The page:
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Don't Stress Over the Mess: How Messy Children Make Better Learners

Don't Stress Over the Mess: How Messy Children Make Better Learners

The surprising sign of learning at the dinner table.

When your baby makes the big switch to solid foods, it can be tough getting used to the inevitable messiness of it all. Do you ever catch yourself looking at your baby’s food tray and its surroundings and see nothing but a huge mess? It won’t help with the cleaning up process, but knowing that this messiness is both perfectly normal and healthy can at least give you some peace of mind. Switching to solid foods requires your baby to learn new things, and exploring their new reality includes playing with their food.

1. Learning from Food

Your baby will likely want to touch his or her food: squish it, mash it, poke it, throw it—maybe every once in a while they’ll even eat it!  They do this because they learn about new properties they weren’t aware of before, such as shape, texture and temperature through touch.

Studies have shown that kids who play with their food have an easier time learning what it is, or naming it. They also learn to recognize foods regardless of where and how they appear, such as in a bowl or—hopefully less frequently—on the floor.

2. That's great! But my house is still a mess

A little mess is inevitable, and these habits usually linger until the age of 3. However, there are a few things you can do to tone down feeding time’s collateral damage without harming the learning process.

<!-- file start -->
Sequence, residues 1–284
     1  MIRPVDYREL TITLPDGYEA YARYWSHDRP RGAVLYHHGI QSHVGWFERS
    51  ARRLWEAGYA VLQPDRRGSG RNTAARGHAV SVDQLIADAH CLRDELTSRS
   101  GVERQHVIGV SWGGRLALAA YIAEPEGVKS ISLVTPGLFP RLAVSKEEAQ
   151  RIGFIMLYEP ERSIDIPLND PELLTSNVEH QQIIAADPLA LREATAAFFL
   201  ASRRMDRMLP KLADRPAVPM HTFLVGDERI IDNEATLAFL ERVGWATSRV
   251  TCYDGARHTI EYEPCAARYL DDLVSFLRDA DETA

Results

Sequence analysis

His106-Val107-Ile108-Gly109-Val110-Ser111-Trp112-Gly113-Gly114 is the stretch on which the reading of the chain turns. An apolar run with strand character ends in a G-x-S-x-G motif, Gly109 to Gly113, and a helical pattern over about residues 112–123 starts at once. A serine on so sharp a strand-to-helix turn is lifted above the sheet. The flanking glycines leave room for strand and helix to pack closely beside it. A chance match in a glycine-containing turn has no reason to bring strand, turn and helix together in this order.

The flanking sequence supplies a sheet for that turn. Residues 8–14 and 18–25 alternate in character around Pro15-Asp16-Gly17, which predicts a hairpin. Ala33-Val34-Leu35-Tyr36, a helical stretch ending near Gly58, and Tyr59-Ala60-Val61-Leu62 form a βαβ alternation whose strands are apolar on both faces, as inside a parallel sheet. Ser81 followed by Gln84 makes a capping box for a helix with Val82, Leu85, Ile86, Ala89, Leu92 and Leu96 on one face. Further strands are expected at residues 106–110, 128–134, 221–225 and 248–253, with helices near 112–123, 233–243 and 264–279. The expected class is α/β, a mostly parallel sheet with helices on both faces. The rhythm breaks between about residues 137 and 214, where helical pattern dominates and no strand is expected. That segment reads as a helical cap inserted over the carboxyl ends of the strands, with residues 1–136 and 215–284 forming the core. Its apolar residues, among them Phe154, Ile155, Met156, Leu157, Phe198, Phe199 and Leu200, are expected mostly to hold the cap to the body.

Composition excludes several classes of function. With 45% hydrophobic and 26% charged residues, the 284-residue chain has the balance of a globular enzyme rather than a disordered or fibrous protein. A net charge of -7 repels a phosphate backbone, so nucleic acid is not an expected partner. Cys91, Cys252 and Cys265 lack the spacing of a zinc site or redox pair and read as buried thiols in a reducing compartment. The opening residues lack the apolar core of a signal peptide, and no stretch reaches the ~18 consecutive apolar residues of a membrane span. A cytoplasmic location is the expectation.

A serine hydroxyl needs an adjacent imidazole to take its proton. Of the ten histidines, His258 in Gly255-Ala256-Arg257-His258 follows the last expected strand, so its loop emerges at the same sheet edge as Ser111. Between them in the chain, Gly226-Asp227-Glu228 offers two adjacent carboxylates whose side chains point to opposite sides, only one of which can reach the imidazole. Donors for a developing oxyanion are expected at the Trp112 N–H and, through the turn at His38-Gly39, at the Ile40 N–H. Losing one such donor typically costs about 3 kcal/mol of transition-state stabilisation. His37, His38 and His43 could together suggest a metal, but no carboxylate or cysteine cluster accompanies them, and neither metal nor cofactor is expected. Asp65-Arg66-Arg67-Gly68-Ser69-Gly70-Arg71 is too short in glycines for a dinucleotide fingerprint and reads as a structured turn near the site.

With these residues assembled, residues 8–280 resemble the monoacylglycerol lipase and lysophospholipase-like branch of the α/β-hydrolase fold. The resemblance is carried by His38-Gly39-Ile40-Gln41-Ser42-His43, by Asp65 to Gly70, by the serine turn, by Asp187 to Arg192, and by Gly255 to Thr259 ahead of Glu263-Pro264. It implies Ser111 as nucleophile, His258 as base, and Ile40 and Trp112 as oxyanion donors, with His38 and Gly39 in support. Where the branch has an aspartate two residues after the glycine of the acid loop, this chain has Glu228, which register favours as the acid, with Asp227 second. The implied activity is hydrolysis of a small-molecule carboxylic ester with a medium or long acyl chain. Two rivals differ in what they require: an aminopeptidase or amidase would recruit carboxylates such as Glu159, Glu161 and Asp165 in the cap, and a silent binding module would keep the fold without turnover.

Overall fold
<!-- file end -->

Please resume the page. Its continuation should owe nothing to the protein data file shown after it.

• Place a plastic mat under the high chair
    Easy to clean, a plastic mat will save you a lot of time when it comes to cleaning up the mess that’s been made. All you have to do is wipe it down after meals and it’s ready to be used again.
  • Less food at a time
    It’s not necessary to give your child all their food at the same time. Present meals in smaller amounts, with just enough fruit or veggies to play with and no more meat than would fit in their hand. Keep the servings small (so the mess stays that way, too!)
  • Don’t fret over manners (yet)
    Your child will have time to learn manners, and most babies and toddlers do better with that when they’re able to understand and follow rules more closely. Even though babies can usually handle a spoon by the time they reach 18 months, it’s not a biggie if they can’t - or don’t want to.
  • Use a plastic bib with sleeves
    This may seem like it’s a little much, but it will definitely save you endless amounts of washing up and cleaning up. During the warmer months, let your baby enjoy picnics outside clothes-free!
  • Call it a day
    Know when your child is done with their meal time. If the mess is spreading more than it needs to (their hair, the floor, or you) they’re likely already bored. Moving on to the next activity is fine, so end the meal before the food splatter goes too far.

All information on Enfamil, including but not limited to information about health, medical conditions, and nutrition, is intended for your general knowledge and is not a substitute for a healthcare professional's medical identification, advice, or management for specific medical conditions. You should seek medical care and consult your doctor or pediatrician for any specific health or nutrition issues. Never disregard professional medical advice or delay seeking medical treatment, care, or help because of information you have read on Enfamil.